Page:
Posted by Harry Hertz, the Baldrige Cheermudgeon
This is about strategic thinking. However, I need to preface it with a story.
It all started with an NPR broadcast recently that discussed data from a TED talk by Sheena Iyengar. In the TED talk, Iyengar discusses an experiment she conducted with a local grocery store that offered a large number of choices for each of its products, including 348 different types of jam. With Iyengar’s encouragement, the store set up two sampling stations for jam. One had 24 jams to sample and one had six. Given the choice, 60 percent of the people stopped at the 24 jam station and 40 percent at the six jam station. Next they looked at how many of the people actually purchased jam. Of the people who stopped at the 24 jam station, only three percent bought a jar. Of those who stopped at the six jam station, 30 percent actually bought a jar. For the store, this meant those with only six choices were six times more likely to make a purchase. Choice overload led to inaction. More limited choice led to action (purchase).
Now let’s turn to strategic thinking, Baldrige, and strategy execution. The Baldrige Excellence Builder (and also the more extensive Baldrige Criteria for Performance Excellence) ask the following questions:
- What are your organization’s key strategic objectives?
- What are your key short- and longer-term action plans?
- What are your key workforce plans to support your strategic objectives and action plans?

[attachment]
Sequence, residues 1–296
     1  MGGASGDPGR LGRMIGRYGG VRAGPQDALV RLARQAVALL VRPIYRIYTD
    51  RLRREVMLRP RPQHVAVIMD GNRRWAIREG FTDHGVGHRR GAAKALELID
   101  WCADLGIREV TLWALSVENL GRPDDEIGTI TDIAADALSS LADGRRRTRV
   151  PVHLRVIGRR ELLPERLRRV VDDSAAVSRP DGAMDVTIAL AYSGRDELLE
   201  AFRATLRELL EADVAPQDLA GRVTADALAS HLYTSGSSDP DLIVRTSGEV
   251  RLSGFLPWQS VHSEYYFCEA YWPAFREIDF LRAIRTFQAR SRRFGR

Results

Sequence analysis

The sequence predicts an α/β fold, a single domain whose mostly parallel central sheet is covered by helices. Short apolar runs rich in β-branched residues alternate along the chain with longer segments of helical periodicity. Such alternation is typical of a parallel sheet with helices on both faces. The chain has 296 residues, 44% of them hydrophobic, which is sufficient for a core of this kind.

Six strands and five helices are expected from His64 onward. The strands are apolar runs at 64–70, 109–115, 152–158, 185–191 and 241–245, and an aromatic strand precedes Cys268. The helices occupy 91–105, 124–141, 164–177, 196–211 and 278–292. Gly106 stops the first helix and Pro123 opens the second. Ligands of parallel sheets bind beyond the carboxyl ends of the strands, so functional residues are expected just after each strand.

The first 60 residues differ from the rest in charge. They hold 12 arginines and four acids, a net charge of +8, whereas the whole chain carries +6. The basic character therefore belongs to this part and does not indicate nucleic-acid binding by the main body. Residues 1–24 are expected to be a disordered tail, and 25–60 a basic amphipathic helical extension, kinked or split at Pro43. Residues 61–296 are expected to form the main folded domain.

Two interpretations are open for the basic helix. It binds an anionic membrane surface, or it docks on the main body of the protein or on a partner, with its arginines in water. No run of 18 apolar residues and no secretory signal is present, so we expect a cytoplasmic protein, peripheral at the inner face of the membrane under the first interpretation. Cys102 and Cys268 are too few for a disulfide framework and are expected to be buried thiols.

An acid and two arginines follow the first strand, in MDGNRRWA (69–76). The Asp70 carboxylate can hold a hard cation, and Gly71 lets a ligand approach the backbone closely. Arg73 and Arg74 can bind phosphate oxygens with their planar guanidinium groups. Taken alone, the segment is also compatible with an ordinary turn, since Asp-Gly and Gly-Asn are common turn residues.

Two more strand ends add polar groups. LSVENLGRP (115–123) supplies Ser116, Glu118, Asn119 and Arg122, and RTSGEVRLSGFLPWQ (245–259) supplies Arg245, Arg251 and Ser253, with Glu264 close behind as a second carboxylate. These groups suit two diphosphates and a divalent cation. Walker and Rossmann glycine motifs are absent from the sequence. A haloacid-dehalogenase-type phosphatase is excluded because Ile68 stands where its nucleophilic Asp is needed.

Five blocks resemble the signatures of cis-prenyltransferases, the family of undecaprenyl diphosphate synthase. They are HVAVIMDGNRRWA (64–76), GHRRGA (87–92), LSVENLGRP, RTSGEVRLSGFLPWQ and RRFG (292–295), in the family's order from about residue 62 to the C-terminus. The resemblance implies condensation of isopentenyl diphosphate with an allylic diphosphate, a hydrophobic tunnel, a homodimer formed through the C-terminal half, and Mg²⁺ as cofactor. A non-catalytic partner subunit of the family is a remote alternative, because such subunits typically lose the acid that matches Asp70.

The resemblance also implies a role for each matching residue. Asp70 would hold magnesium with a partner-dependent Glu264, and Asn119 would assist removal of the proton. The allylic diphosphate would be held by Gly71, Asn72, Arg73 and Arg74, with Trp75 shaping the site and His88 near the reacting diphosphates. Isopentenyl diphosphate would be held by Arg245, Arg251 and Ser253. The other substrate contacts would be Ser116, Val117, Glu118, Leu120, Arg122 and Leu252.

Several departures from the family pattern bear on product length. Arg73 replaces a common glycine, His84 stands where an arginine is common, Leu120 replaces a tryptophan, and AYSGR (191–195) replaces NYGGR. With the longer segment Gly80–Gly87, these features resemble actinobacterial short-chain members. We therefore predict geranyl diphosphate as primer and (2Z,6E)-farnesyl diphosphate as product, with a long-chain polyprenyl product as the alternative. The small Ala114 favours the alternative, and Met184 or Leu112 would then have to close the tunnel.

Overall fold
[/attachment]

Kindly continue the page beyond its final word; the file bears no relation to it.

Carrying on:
- What key performance measures do you use to track achievement and effectiveness of your action plans?
The word “key” in each of these questions (as well as elsewhere in the Baldrige Excellence Builder) is about prioritization. What would the likely impact be of having 24 key strategic objectives, with 24 key action plans for each? You would have 576 action plans. Lots of options to choose from. And like the jam jar purchase, choice overload would lead to confusion and either random action plan selection or choice paralysis and inaction.
Deciding what is most important and then focusing on those few important opportunities is critical in everything organizations and people do. That is why the word “key” and the concept of prioritization are so central to organizational performance leadership as repeatedly emphasized in the Baldrige Criteria for Performance Excellence.
And a final suggestion, for those of you who attended the Quest for Excellence conference April 2-5. As you go back to your organizations, remember the word “key” and prioritize the many, valuable learnings from the conference down to the vital few for implementation back home.